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What Kalib Boone’s Transfer Portal Entry Means for OSU Basketball

On Boone and OSU’s future in the frontcourt.



[Devin Wilber/PFB]

Kalib Boone — and I’m not just saying this as a fellow K Boone from Tulsa who is associated with Oklahoma State, I promise! — had stretches in the last two seasons of playing like a potential first-round NBA Draft pick. But the waxing and waning of his consistency, or lack thereof, combined with some touch-and-go effort late in the season, may have foreshadowed the news Thursday that he is entering the transfer portal and looking elsewhere to finish his college career.

So what does it mean for OSU hoops?

Here are a few thoughts that kicked around in my head.

Missing rim protection

Moussa Cisse gets the love and admiration as the anchor of OSU’s defense — and rightfully so given how well he has blocked shots and defended around the rim — but Boone’s shot-blocking will no doubt leave behind a big void for OSU to try and fill. He rated third on the team last season in block rate and actually out-paced Cisse in 2021-22 in block rate. His anticipation skills and ability to fend off would-be scorers in the paint and around the basket gave OSU’s defense a huge edge, allowing it to at times be aggressive to the point of recklessness knowing that Boone and Cisse were waiting as free safeties on the back end. Not having him back could, I would argue, be so impactful that it may change up some of the schematic plans OSU’s defense may run out, especially if Cisse, a junior, decides not to come back.

Foul-drawers leaving town

The departure of Boone leaves OSU in a bit of an interesting situation projecting ahead to next season. He was the second-leading foul-drawer — and yes, I get it, that’s a mouth foul, but sue me! — on the team this past season. Avery Anderson, who is also transferring, was No. 1 in that metric.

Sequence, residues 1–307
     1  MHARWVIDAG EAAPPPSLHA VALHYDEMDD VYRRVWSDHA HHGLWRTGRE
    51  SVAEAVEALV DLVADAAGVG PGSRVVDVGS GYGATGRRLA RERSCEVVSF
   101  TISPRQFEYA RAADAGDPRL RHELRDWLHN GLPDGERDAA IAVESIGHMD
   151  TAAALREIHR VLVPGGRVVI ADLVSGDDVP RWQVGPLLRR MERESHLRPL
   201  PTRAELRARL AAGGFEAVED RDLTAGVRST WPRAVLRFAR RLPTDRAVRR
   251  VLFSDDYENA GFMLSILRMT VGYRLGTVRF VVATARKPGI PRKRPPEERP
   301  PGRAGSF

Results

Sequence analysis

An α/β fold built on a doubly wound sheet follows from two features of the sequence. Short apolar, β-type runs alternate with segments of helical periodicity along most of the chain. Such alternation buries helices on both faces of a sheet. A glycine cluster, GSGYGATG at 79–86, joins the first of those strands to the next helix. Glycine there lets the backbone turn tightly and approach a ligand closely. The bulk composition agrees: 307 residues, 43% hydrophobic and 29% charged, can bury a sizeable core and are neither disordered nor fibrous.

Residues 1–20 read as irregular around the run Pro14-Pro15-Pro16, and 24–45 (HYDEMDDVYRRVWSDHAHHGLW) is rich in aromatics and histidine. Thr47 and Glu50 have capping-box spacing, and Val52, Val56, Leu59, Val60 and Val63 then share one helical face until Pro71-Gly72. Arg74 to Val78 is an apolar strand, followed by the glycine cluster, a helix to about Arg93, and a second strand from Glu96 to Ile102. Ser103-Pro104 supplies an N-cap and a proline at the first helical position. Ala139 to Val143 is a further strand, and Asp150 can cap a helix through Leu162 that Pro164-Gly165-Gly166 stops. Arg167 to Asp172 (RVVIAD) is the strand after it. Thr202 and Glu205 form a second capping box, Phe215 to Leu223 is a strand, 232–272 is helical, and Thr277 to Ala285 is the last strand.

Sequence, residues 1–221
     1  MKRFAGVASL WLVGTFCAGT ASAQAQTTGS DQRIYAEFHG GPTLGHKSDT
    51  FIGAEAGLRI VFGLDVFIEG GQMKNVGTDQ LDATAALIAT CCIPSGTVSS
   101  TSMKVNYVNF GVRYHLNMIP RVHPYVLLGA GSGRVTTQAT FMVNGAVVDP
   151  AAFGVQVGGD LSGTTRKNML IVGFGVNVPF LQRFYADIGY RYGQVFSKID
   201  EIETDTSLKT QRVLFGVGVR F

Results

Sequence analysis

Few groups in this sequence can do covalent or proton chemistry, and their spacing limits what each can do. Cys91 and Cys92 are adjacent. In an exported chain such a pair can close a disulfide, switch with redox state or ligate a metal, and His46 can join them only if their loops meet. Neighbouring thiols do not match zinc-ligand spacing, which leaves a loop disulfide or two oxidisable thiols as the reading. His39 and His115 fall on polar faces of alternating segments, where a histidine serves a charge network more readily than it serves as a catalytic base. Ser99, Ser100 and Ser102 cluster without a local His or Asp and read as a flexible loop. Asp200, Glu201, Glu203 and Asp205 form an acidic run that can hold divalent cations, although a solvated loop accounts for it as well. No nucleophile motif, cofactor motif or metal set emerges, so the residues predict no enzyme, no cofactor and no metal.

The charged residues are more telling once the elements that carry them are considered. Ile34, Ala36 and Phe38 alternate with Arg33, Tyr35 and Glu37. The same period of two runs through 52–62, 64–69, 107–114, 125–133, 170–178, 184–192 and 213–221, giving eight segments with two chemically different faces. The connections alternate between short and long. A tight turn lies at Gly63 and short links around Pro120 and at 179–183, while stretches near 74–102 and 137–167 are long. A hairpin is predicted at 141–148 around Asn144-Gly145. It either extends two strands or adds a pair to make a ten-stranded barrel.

It could be an addition by subtraction — OSU ranked ninth out of all Big 12 teams in free throw percentage and was in the bottom 100 of all Div. I teams nationally — but drawing fouls is as much skill as it is luck. (Boone, according to KenPom data, also ranked first in fouls committed per 40 minutes among qualifying players on OSU’s roster. So there was lots of drawing but lots of giving.)

Sign of the times

This would set off alarm bells for me if it weren’t standard fare in college basketball nowadays: Boone’s departure officially means only Isaac Likekele, Avery Anderson and Kalib Boone have signed with the program out of high school and stayed four years. (Although to be fair that only includes the 2018 and 2019 classes, which may be above average if you scan the hoops landscape.) Boone, though, like Anderson and Likekele, leave town after four years with degrees in hand.

That’s Brandon Garrison’s music

That sound you hear is Brandon Garrison’s stock cashing in as he prepares to step foot on campus as a true freshman next season. Garrison is the headliner of OSU’s highly-anticipated 2023 class and the 6-foot-9, top-50 recruit with Boone’s departure may be a day one starter as he moves on.

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